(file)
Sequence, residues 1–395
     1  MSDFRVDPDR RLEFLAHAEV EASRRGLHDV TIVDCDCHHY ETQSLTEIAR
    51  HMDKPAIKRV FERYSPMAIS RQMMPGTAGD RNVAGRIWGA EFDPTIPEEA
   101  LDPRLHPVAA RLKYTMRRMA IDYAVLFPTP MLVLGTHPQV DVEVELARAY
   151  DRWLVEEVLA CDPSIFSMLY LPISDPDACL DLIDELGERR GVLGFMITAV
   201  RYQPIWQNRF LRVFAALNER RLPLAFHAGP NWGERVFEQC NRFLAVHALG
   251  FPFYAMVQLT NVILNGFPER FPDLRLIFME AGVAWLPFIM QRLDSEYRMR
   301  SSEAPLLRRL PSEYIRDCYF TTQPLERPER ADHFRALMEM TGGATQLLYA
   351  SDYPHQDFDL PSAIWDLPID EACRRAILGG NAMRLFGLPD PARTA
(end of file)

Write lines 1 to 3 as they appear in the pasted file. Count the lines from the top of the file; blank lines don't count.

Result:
Sequence, residues 1–395
     1  MSDFRVDPDR RLEFLAHAEV EASRRGLHDV TIVDCDCHHY ETQSLTEIAR
    51  HMDKPAIKRV FERYSPMAIS RQMMPGTAGD RNVAGRIWGA EFDPTIPEEA